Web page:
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OPPD acquires rights to pursue potential solar project

August 8, 2023 | Grant Schulte | generation, renewables, solar

OPPD is potentially looking to add more affordable, reliable and environmentally sensitive generation assets for a rapidly growing community with a proposed solar array in York County. 

The utility has acquired the rights to an existing solar project, K-Junction Solar, and will continue to pursue the possible development of a 310-megawatt (MW), roughly 3,000-acre solar project west of McCool Junction in York County. If developed, the project would provide enough power for 60,000 homes. 

“This is a significant opportunity that could advance our commitment to produce more energy to serve the growing demand,” said OPPD President & CEO Javier Fernandez. “We have a lot of work to do to put a complete plan in place for this project, but this certainly is an exciting step forward in our pursuit of more energy resources.” 

OPPD signed an agreement with the project’s now former owner, EDF Renewables, on July 18. The acquisition allows OPPD to continue and now lead the ongoing technical evaluation and other activities required for the project. If OPPD determines that the project meets its mission and needs, the utility would finalize steps to fully develop the project. 

Continuing discussions, studies

The utility plans to maintain an active presence in the York County area to continue discussing the project with residents and continue the ongoing technical studies to determine the best way to move the project forward. 

“Today brings us great excitement and gratitude for the work the teams have done to pursue an alternative solution,” said Brad Underwood, vice president of Systems Transformation. “Acquiring a generation project this early in its infancy is a first for OPPD and gives us new opportunities to both engage in the community as well as internal stakeholders from technical matters all the way up to ownership or non-ownership decisions. We are excited for the team’s cross-functional work to continue.” 

The acquisition includes what is known as a generation interconnection agreement (GIA) with the Southwest Power Pool (SPP), which is a major milestone that is required to connect any facility to the power grid. 

Meeting customer demand

Timeliness is a key concern given a backlog of generation projects nationwide that are awaiting approval to connect with the grid. Developing new generation often takes years, and OPPD is working proactively to meet an expected surge in customer demand for electricity.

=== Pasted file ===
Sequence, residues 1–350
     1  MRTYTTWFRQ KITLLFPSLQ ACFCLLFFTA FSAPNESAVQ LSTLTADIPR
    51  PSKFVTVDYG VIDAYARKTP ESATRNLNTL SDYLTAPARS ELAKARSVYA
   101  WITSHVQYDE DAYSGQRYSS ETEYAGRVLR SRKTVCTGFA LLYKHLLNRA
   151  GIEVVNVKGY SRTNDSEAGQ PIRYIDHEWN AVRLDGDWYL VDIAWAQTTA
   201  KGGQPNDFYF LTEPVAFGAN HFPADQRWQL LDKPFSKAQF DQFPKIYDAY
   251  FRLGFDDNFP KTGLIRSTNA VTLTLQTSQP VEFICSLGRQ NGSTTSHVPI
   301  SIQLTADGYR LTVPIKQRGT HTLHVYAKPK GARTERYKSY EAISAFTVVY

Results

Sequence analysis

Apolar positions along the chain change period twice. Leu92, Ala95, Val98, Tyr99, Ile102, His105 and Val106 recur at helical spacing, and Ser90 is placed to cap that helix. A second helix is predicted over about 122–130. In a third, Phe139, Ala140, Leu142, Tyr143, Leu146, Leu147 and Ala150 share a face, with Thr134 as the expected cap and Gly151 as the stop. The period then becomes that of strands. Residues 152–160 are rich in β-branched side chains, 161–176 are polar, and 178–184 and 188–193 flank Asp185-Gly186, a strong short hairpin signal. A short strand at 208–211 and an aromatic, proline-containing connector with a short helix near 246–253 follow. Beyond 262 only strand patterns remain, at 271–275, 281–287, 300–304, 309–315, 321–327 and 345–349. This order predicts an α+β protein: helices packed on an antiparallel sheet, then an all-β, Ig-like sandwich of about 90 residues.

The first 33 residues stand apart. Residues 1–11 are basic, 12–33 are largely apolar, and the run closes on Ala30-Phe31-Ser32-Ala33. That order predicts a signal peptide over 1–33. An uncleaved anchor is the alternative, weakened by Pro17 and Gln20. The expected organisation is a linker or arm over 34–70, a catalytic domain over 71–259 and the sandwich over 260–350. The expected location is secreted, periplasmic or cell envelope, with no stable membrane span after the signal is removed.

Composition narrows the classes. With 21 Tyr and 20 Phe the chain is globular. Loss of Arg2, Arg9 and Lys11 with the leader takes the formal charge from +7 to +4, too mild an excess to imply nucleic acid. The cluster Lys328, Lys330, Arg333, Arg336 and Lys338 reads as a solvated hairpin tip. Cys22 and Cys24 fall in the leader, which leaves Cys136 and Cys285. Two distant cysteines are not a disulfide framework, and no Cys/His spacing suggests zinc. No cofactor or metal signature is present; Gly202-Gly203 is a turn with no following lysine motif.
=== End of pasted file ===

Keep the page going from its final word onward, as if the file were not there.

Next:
“We remain committed to serving the needs of our community, and we’re honored to always be looking for ways to make sure we’re providing the reliable, affordable electricity that our customers need,” Underwood said. 

OPPD’s interest in the project aligns with its efforts to generate more renewable electricity. But the utility is still working to answer feasibility questions about the project and researching whether K Junction will meet the utility’s long-term needs. This work will be done in coordination with local officials and other key stakeholders.  

Affordable, reliable and sustainable

The project, if developed, would increase OPPD’s total solar generation to 391 MW, when coupled with the 81-MW Platteview Solar project in Saunders County. 

Both solar projects are part of OPPD’s Power with Purpose initiative, which seeks up to 600 megawatts of utility-scale solar and 600 megawatts of balancing natural gas generation to help ensure grid reliability and resiliency. OPPD has set a goal to become a net-zero producer of carbon emissions by 2050. 

The K Junction project isn’t expected to affect customer rates.  

OPPD has long maintained generation assets outside of its retail service territory. In 2018, OPPD entered into a power purchase agreement for 160 MW of wind energy from the Sholes Wind Energy Center northwest of Wayne, Nebraska. The utility currently has more than 1,000 megawatts of renewable energy sources outside of its retail territory, acquired through power purchase agreements with more than a dozen wind farms throughout Nebraska. 

Potential economic boost

While it’s still early in the process, officials involved in the project anticipate that it will contribute to both the state and local economy. 

“We appreciate the opportunity to partner with the local community on this development and work with the York County leadership,” said Brook Aken, OPPD’s director of Economic Development & External Relations. “There are significant economic impact benefits this project can bring to the local community and state.” 

Lisa Hurley, executive director of York County Development Corporation, said the project stands to benefit the region and state greatly. 

“We are excited that OPPD purchased the rights to keep it as a potential energy project for our region,” she said. “This development holds a lot of promise for McCool Junction and the county in general, with a positive impact at all stages, from construction to operation. We look forward to learning more about how it will take shape over time.” 

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About Grant Schulte

Grant Schulte joined OPPD as a content generalist in 2022. He is a former reporter for The Associated Press, where he covered the Nebraska Legislature, state politics and other news for a global audience. He is a graduate of the University of Iowa and a proud Hawkeye. In his free time he enjoys running, reading, spending time with his wife, and all things aviation.

View all posts by Grant Schulte >

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